Reasons to pay one’s taxes cheerfully
At my advanced (and advancing) age, it’s not smart to ruin friendships. They are harder than ever to repair and replace.
But I fear I may have just blown things up with an equally ancient pal. You be the judge as to which of us is at fault.
This friend and I were talking on the phone about taxes. He was bemoaning the burden they place on him, a single man in his 70s who lives mostly on a fixed income.
I agreed that taxes can pinch. But where would we be without them? In a world without roads, police, ambulances, schools and many other things we take for granted, I said.
“Schools,” said my (former?) friend, with a snort. “That’s what really gets me.”
He went into a tirade about why he, whose kids have not attended public schools in 35 years, should have to pay taxes for today’s kids to go to school.
“Easy one,” I told him. “Because when your kids were young, some fossil paid for THEM to go to school.”
More tirade: It was a different era then, Bob. Everything cost less then, Bob.
“But you haven’t answered my point,” I said.
Here was his bottom line: It was time to change his permanent residence to someplace in Florida, which doesn’t have a state income tax.
Now the tirade came from me.
I said that would be irresponsible. I said that would be selfish.
I said that would only dump more of the tax burden on those of us left behind. If he left, he’d be ducking a problem, not solving it, I said.
No state can function without money. Florida also has property and sales taxes, I pointed out.
My piece de resistance: Taxes produce better schools, which produce better graduates, who will make a better world “for the rest of our lifetimes, not just for theirs.”
My guy wasn’t having it.
He called me “deluded,” a victim of “feel-good politics.” He said that it’s an every-man-for-himself world, and if I didn’t understand that, I’d better start.
“If you can dodge taxes, you do it,” he said. “Don’t you think businesses do that all the time?”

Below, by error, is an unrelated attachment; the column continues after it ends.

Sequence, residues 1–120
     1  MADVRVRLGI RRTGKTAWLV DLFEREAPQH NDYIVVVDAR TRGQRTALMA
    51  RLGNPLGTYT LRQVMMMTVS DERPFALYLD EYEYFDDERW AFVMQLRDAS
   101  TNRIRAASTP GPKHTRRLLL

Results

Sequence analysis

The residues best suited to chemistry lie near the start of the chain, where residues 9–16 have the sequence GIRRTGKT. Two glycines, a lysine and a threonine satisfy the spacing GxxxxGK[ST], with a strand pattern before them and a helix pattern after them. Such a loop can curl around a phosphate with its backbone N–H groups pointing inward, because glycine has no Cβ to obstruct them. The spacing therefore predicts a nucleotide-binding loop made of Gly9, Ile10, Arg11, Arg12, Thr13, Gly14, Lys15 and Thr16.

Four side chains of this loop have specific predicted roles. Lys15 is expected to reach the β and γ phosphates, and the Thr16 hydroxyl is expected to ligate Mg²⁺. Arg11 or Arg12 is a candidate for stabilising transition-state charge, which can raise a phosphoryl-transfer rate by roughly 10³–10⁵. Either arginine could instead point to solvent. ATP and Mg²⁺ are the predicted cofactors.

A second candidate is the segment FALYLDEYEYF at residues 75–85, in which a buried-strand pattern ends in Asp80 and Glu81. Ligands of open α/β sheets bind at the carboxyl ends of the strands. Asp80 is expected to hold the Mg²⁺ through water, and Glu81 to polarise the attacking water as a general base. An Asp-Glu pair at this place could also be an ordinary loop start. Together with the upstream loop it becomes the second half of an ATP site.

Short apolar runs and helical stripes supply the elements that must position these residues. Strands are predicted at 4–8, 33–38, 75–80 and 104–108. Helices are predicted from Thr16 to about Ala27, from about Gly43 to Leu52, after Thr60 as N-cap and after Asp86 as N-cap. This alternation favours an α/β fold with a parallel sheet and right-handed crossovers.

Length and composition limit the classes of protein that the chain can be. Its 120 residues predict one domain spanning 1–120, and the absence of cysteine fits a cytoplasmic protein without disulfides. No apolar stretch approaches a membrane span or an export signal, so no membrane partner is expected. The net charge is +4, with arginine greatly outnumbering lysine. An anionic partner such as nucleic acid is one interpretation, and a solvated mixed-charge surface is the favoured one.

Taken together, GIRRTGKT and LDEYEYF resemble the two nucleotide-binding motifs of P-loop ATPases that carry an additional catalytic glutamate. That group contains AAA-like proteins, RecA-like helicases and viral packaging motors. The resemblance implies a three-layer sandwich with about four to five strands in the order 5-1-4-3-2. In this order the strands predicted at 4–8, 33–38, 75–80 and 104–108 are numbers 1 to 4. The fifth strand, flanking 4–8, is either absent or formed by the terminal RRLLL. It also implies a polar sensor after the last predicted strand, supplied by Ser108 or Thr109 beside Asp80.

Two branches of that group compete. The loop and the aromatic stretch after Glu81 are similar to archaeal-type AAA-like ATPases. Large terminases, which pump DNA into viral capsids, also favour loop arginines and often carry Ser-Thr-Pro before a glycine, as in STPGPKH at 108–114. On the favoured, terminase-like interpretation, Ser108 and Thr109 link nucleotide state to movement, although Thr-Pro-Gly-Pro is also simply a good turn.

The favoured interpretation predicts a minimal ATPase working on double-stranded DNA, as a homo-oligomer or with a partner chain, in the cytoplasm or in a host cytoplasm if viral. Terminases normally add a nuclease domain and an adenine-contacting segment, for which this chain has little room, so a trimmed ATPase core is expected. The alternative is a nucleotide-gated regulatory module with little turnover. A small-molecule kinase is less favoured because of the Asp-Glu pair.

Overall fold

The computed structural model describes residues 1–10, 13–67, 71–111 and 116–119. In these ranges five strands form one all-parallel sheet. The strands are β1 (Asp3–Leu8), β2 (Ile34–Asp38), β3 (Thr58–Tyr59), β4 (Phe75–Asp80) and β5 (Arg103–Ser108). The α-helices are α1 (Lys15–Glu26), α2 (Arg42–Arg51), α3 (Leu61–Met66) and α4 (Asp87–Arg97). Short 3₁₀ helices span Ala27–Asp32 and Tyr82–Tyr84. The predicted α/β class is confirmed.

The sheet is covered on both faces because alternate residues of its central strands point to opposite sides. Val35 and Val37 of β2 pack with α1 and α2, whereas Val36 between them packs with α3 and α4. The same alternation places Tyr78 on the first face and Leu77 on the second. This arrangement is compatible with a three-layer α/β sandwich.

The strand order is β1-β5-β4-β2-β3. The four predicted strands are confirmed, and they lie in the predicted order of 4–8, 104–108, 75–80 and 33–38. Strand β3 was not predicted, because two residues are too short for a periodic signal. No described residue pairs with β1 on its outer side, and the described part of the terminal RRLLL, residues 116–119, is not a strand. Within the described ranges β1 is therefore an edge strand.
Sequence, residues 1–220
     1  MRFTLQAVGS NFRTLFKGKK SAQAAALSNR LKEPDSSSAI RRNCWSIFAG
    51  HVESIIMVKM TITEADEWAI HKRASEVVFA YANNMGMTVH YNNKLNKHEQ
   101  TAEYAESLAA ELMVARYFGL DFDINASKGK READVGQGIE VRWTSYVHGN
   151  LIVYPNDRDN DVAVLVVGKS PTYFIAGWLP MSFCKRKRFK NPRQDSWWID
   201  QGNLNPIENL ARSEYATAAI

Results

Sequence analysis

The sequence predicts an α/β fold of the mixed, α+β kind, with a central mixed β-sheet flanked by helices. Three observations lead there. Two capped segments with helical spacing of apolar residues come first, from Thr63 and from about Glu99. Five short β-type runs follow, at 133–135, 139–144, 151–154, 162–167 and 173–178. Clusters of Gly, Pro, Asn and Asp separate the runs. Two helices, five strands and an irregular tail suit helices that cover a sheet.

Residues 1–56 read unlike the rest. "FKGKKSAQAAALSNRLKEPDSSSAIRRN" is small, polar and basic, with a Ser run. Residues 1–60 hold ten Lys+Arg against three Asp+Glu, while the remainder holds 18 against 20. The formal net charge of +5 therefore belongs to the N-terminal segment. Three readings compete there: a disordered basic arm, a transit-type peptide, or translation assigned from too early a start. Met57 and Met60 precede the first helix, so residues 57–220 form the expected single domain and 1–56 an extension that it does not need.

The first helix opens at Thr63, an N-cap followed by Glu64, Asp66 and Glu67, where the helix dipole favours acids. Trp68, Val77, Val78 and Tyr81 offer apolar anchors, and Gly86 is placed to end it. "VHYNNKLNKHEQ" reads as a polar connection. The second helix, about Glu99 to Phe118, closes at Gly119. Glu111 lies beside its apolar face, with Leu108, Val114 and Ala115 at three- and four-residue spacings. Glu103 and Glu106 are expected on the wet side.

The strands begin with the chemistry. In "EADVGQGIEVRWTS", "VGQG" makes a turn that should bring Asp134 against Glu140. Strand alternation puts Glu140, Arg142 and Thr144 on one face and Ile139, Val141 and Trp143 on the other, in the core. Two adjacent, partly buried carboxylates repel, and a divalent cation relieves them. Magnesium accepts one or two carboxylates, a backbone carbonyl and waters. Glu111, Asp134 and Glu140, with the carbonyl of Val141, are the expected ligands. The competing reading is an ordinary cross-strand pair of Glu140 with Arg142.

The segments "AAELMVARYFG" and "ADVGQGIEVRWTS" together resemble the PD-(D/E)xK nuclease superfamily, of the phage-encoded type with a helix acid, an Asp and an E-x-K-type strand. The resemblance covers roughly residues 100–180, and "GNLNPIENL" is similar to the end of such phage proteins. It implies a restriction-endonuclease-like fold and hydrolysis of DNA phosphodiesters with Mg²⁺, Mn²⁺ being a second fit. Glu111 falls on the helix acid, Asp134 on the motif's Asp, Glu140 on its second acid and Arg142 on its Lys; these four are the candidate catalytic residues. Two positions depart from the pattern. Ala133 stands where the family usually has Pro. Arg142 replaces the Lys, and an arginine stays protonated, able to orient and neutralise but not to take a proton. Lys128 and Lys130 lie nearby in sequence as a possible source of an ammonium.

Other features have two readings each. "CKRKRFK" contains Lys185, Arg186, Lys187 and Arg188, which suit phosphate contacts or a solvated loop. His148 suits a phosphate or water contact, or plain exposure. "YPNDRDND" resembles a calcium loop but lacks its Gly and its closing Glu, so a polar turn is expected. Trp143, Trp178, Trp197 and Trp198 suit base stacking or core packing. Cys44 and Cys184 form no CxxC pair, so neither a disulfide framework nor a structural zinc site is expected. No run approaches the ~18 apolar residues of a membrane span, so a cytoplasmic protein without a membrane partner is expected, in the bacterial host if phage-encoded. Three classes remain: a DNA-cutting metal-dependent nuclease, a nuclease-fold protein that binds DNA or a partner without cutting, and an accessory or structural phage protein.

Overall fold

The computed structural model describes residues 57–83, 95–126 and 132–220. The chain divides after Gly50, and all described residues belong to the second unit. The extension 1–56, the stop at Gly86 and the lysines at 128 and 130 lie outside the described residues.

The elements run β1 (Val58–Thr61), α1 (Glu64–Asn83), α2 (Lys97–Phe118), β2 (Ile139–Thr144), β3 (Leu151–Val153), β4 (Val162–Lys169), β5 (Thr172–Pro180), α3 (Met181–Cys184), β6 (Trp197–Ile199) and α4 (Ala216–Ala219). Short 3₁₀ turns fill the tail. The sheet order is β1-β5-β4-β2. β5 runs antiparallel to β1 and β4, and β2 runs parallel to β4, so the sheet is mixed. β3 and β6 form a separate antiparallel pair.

I pointed out that we weren’t discussing businesses. We were discussing him.
He volleyed that right back at me: “Don’t you cheat on your income taxes to save a few bucks?”
I have better places to spend my declining years than a federal penitentiary, I replied.
He said I was a “naïve fool.” I replied that he’d have a much happier day — and life — if he cared more about others.
As we ended our debate, we somehow agreed to disagree. No phone-slamming. No epithets. No never-darken-my-doorstep-again.
You know how you hang up from a call like that and immediately think of what you SHOULD have said?
I spent the rest of the day writing the lines I wish I had uttered. Lucky duck that you are, you now get to read them:
“Dear Joe (not his real name):
“During our discussion, I neglected to point out the best reason of all for paying state income taxes: They foster civic pride in the taxpayer.
“That’s not some fuzzy-headed, sentimental notion. I actually LIKE paying taxes. Because they mean I’ve done my part.
“I’m not so far gone that I hug every streetlight and say: ‘You wouldn’t exist without me!’
“But we need community in this complicated world of ours. Kicking in my share punches my ticket into that community.
“I agree with you that it used to be a simpler world. But that’s precisely why income taxes are necessary.
“We look to government to solve all sorts of problems that have gotten bigger and harder than they were when we were kids. Those solutions won’t happen unless we all pay for them.
“So, Joe, I will miss you if you really do move to Florida. But you will want and need a community there, too. Do you think it will fall out of the sky, or some orange tree? I doubt it.
“Please reconsider. Do your part. As I happily do mine.
Bob Levey is a national award-winning columnist.